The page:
As presented in the June 1918 editions of the Rome Tribune-Herald
Parents and friends receiving letters from the Lindale soldiers in Europe are asked to please give the editor of this department just a bit of inside of each letter that we may let all the folks at home know about them — how they are faring and other things. Everybody in Lindale is interested in the Lindale boys, and we will be glad to say something about each letter. … Roberta, the five-year-old daughter of Mr. and Mrs. Hugh White, of Park Avenue, Lindale, had an attack of pneumonia…. Will Yarbrough of Kingston, who by no means is a stranger to Lindale, is again behind the counter at the Lindale Market. Will just naturally improves the looks of the place.
The local food administrator says that a great many ladies have called him over the phone to ask about the use of ice and sugar and he takes this method of answering all inquiries:
“If you want to do your patriotic duty, you will use no ice at all except to keep your refrigerator cool. You should use no cracked ice for cool drinks and you should make no ice cream. Any ice cream that is used is to be bought from the manufacturers. The reason for this last rule is that ice cream can be made by the manufacturers with so much less ice than is used at home. No ice or sugar are to be used at parties of any kind, and if a woman wants to do her patriotic duty she will assist in this way.”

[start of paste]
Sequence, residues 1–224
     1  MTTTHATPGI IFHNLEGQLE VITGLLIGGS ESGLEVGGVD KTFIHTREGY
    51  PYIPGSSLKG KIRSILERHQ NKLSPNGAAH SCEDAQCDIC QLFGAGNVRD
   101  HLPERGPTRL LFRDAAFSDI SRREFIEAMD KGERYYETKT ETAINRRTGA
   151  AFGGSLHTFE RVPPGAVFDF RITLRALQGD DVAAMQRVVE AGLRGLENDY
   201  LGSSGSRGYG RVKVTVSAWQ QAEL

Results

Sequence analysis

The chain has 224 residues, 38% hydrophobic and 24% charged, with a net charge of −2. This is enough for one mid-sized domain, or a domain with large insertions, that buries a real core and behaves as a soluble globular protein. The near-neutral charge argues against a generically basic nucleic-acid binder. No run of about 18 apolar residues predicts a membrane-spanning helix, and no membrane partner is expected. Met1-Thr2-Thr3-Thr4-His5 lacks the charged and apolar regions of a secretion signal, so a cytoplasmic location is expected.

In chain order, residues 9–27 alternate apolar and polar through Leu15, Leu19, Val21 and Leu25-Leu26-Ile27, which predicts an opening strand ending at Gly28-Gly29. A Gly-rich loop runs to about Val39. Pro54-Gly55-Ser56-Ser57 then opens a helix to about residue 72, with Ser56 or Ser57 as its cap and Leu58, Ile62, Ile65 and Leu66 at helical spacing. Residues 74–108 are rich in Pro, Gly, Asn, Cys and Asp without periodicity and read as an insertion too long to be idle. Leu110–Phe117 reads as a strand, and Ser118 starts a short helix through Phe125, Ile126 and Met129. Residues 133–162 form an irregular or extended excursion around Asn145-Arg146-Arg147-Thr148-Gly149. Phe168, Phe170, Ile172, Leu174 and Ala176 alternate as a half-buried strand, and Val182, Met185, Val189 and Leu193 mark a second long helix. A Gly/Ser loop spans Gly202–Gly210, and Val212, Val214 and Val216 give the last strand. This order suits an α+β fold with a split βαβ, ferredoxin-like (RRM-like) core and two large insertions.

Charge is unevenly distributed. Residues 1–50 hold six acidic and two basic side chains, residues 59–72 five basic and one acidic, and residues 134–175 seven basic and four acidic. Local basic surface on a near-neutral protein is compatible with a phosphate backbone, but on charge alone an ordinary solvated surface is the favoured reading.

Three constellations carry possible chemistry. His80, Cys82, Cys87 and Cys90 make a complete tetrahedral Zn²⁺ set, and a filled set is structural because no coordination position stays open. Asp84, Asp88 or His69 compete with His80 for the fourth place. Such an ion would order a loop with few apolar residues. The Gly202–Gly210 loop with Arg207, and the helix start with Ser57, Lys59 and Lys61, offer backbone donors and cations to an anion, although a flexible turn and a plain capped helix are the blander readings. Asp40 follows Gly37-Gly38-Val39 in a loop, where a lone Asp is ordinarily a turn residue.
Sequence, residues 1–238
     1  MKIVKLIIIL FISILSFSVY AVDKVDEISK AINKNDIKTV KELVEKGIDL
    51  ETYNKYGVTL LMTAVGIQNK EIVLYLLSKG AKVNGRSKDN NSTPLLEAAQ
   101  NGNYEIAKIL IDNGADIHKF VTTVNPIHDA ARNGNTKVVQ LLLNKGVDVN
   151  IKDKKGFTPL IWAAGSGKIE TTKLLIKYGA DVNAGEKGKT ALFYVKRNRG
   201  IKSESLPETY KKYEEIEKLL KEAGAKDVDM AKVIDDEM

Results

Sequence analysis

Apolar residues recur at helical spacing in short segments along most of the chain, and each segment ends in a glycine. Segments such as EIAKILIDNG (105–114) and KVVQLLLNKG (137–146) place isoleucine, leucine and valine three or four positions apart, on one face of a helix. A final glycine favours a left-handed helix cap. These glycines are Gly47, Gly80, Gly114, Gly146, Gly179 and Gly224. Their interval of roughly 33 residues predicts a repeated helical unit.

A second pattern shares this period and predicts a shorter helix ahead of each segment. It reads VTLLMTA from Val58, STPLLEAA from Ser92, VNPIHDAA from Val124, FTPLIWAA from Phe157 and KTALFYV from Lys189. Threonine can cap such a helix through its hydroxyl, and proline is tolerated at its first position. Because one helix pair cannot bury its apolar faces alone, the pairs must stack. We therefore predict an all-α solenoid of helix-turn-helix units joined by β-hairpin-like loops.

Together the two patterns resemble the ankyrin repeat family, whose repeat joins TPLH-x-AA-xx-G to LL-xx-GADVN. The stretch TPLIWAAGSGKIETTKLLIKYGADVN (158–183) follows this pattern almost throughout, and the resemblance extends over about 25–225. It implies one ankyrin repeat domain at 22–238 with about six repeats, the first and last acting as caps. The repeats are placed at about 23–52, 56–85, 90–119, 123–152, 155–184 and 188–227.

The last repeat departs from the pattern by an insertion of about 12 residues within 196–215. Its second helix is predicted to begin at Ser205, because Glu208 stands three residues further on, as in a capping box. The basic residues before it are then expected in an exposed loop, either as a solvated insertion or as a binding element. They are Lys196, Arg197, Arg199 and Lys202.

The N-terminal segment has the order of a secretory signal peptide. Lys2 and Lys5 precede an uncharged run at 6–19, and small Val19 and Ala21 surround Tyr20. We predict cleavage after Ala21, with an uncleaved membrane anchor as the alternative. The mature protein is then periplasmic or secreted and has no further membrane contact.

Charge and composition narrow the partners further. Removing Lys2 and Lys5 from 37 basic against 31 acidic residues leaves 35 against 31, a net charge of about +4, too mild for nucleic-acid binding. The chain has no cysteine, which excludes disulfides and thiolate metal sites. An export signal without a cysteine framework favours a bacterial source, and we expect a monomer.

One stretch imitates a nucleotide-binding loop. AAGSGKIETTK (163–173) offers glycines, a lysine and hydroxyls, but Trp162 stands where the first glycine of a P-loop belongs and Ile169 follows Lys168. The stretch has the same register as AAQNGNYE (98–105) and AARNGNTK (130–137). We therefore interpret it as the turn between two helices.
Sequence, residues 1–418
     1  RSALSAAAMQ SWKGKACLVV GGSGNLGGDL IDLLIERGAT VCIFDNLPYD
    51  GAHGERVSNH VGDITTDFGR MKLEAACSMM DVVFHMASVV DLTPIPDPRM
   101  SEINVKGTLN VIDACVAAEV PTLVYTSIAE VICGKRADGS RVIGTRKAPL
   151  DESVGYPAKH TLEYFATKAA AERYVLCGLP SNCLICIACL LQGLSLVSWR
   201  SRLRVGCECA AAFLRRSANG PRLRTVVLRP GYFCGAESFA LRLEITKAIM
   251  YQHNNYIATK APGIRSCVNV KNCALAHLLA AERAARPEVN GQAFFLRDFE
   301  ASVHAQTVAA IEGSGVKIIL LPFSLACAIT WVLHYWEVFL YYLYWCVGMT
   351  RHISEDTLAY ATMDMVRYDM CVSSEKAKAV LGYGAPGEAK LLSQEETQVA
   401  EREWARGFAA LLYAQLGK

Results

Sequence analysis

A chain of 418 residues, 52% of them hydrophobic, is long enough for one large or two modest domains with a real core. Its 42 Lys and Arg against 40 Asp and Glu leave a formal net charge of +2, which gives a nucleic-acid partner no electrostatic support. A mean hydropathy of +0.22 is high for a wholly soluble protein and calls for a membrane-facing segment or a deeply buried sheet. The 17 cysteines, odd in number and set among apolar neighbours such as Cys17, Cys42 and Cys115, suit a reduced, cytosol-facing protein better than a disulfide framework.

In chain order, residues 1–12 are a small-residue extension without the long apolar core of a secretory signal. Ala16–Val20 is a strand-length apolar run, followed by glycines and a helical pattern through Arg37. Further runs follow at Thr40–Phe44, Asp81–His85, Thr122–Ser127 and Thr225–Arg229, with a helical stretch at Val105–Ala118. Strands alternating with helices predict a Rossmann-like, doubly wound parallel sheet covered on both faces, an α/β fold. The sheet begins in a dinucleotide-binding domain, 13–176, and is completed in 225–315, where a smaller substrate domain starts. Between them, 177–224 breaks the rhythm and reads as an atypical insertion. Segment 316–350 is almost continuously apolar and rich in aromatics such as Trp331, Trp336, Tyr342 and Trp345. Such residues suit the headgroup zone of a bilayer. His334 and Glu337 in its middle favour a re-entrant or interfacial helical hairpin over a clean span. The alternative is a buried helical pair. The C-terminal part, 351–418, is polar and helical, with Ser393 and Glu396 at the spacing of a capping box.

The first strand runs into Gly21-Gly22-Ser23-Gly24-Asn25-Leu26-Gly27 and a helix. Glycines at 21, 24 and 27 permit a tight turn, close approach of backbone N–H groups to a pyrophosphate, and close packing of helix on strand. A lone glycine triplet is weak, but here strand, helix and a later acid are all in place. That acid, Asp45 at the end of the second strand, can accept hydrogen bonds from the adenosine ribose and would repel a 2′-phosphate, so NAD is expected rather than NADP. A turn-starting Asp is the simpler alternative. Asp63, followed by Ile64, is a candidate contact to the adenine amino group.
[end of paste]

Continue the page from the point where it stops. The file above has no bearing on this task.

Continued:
The shortage of sugar is temporary and due to the need of all sugar available for preserving purposes. The ice shortage is also temporary and is due to the demand for ice to save the very large peach crop which is being marketed at this time.
According to a statement made by county health officer McCord, there is an epidemic of intestinal infection at Armuchee. Thus far there have been 20 cases and one death. Many of the cases are very severe and probably dangerous.
Dr. McCord telegraphed the facts to the Georgia State Board of Health, requesting that an expert be sent for an investigation and he was notified last night that Dr. Bowdoin, epidemiologist for Georgia, will reach here and will accompany Dr. McCord to Armuchee to inspect conditions there and discuss them at a public meeting to be held at one of the Armuchee churches.
More than a million American fighting men will be in service in France in the near future, declared Secretary of War Baker, in his address to 137 graduates of the United States Military Academy.
Supplementing his recent announcement in Washington that United States troops, exceeding 700,000 in number, have disembarked on French soil, secretary Baker told the cadets, “it is not unfair to speculate that we will shortly pass the million mark.”